EISENHOWER, Dwight D. Typed letter signed ("Dwight D. Eisenhower") as president of Columbia University, to J. Meyrick Colley, New York, 22 December 1949. 2 pages, 4to, on Columbia University letterhead, with some holograph additions. Paper clip burn at top of both sheets.
EISENHOWER ON THE AMERICAN SYSTEM, GEORGE WASHINGTON AND VALLEY FORGE
"I believe," Eisenhower tells a fellow World War I vet, "that the great problem of today is that of advancing the culture, living standards, opportunities and personal security of all of our citizens, but without sacrificing fundamental parts of our individual rights and privileges (which are the essence of our American system) and without material loss in those qualities of initiative, enterprise and sturdiness that have been so largely responsible for our unique material development. If we go completely to the socialized state, I firmly believe that all of these will be lost-at least they will be lost to such an extent that we will become nothing less than a regimented state....Without freedom there can be no dignity for the individual and...if we are to become fully socialized, we will become also fully regimented." Americans had to preserve "the essentials of our great system" while struggling to make sure "that its fruits reach every last one of all our citizens."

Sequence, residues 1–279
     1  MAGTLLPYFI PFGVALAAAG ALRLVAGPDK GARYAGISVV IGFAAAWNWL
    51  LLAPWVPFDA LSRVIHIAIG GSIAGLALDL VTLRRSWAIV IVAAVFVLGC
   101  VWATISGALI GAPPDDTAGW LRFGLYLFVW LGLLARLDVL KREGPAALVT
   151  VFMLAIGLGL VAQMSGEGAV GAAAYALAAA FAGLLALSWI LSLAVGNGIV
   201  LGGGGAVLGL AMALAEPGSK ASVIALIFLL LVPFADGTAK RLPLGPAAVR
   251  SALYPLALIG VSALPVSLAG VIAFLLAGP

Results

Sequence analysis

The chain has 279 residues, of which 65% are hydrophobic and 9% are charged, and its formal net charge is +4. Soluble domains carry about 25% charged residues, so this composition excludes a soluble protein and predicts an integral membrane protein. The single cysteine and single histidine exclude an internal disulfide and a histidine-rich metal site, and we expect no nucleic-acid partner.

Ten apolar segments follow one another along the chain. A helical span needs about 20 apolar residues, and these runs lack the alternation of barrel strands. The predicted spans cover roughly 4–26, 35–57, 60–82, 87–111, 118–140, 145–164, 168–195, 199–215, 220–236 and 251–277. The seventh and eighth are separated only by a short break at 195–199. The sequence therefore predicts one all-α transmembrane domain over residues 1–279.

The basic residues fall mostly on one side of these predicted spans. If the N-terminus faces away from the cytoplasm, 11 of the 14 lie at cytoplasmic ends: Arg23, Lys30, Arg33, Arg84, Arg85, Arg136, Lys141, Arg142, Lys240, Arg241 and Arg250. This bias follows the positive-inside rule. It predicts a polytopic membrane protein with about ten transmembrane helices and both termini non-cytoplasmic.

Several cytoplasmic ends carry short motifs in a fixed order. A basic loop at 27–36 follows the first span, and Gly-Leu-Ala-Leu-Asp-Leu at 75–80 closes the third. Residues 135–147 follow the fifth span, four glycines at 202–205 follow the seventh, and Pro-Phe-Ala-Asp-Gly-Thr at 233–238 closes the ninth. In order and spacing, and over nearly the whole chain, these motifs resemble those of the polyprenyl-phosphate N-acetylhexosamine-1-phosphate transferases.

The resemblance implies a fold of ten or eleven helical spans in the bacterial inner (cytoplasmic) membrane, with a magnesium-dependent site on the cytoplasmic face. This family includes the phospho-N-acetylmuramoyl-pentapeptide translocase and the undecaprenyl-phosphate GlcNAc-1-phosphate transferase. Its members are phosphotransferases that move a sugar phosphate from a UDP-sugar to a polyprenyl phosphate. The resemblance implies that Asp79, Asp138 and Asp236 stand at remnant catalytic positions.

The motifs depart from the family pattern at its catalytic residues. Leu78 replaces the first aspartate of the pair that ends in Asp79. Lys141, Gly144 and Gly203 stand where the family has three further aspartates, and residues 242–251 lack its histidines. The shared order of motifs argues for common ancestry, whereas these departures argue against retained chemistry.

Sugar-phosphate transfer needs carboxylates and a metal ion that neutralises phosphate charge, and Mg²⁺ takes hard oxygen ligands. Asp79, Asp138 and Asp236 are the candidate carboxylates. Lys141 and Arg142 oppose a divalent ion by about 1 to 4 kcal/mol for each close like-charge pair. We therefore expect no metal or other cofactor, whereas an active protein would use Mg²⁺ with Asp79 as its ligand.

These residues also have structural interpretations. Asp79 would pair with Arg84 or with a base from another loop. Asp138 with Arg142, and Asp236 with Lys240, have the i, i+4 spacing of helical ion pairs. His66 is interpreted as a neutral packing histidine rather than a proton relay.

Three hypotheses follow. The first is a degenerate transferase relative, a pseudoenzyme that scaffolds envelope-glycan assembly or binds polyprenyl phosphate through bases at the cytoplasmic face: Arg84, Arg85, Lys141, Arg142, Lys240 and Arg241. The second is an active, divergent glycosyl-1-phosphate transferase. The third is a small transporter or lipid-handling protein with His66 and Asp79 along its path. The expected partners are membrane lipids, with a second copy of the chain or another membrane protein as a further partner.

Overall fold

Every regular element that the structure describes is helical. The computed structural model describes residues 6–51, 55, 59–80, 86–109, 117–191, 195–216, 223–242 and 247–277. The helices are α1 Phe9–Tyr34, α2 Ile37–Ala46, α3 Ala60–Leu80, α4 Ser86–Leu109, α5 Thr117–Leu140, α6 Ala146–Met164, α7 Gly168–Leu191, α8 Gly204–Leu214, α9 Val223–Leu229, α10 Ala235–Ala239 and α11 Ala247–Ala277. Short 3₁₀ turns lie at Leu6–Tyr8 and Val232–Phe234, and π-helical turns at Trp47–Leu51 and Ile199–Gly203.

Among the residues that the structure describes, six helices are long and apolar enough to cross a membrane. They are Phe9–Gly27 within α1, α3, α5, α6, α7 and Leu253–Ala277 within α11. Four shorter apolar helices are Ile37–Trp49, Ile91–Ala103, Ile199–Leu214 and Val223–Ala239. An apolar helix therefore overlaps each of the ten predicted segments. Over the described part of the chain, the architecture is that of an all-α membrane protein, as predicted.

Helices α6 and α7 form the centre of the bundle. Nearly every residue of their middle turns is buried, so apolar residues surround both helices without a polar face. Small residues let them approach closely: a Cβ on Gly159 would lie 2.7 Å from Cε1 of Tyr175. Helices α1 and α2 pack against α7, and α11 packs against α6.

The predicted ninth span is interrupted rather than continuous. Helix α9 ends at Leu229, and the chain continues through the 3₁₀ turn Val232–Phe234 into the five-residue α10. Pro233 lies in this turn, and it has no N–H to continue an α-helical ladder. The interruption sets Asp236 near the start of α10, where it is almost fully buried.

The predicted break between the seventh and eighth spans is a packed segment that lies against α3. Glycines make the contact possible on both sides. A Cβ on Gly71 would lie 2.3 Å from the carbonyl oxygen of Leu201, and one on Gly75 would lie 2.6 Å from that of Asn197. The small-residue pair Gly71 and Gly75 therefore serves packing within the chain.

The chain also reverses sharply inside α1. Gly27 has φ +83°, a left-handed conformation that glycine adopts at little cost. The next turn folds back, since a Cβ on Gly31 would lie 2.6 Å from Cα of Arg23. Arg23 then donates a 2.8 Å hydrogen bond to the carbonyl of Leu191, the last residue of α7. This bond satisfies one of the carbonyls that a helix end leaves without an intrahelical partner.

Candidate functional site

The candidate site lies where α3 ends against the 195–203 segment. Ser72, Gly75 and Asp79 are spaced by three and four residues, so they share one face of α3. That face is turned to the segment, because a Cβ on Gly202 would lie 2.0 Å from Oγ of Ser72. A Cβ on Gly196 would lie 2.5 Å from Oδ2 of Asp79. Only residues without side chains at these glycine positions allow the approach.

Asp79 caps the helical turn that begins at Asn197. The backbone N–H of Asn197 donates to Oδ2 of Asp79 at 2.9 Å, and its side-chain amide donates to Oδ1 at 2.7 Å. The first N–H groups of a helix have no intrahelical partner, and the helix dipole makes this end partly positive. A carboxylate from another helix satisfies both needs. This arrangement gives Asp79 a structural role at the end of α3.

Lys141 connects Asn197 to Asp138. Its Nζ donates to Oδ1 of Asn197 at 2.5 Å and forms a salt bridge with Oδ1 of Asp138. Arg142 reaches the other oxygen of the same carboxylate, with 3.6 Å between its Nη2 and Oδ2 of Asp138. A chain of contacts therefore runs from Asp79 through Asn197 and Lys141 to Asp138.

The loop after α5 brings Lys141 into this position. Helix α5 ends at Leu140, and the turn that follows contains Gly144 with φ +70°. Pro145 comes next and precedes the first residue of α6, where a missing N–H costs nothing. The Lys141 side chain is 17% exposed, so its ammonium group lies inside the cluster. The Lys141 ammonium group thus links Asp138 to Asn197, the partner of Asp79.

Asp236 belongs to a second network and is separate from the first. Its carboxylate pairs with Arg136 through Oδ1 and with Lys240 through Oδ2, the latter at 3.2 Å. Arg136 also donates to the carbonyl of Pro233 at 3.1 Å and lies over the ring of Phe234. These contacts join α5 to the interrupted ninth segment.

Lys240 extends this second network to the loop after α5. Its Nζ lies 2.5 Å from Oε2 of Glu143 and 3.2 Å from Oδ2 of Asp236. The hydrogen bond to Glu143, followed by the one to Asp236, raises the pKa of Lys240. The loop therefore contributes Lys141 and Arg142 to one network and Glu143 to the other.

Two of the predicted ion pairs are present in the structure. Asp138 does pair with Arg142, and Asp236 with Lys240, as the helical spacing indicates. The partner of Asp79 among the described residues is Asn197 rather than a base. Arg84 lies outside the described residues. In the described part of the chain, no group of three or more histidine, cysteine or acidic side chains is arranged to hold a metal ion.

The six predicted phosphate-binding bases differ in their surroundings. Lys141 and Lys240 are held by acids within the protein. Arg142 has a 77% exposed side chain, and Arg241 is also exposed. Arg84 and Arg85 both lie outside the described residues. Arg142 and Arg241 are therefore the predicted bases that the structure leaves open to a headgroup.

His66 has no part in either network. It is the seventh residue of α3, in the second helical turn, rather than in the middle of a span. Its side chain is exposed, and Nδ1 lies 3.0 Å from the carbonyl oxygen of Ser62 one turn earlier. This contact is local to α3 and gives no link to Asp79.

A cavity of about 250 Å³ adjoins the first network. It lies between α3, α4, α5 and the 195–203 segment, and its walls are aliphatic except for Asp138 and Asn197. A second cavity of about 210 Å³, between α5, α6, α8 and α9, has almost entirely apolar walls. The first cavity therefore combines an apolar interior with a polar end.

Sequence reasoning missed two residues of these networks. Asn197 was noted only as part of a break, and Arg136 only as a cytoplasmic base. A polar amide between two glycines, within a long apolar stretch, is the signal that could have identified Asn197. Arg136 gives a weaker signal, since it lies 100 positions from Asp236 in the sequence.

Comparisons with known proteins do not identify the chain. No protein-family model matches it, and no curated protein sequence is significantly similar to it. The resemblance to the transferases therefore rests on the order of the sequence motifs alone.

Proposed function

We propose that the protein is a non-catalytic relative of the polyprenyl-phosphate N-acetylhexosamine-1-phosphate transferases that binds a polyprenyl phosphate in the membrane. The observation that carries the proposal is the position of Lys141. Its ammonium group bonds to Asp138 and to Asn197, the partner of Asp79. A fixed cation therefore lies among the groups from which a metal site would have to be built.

Colley wrote Eisenhower to praise his newly published Crusade in Europe, and to express his doubts about government's ability to make social reforms without destroying freedom. Eisenhower says he shares those fears, and agrees that the harsh facts of life often undermine plans for human betterment. But, he adds, "It is also true that human beings have in the past, in human affairs, produced new sets of facts. It would have been easy to say, in the winter of 1777, that the Revolutionary War was lost. During that bitter winter, Washington lost more than 3500 men from his little army just by reason of starvation, cold and disease. His spirit and the determination of a small band of patriots in each of the colonies brought about, finally, a set of facts that, in the midst of that winter, would have been called just the dreams of a visionary." An eloquent statement of Eisenhower's faith in the American free-enterprise system, and his hopeful attitude about the power of people to change things for the better.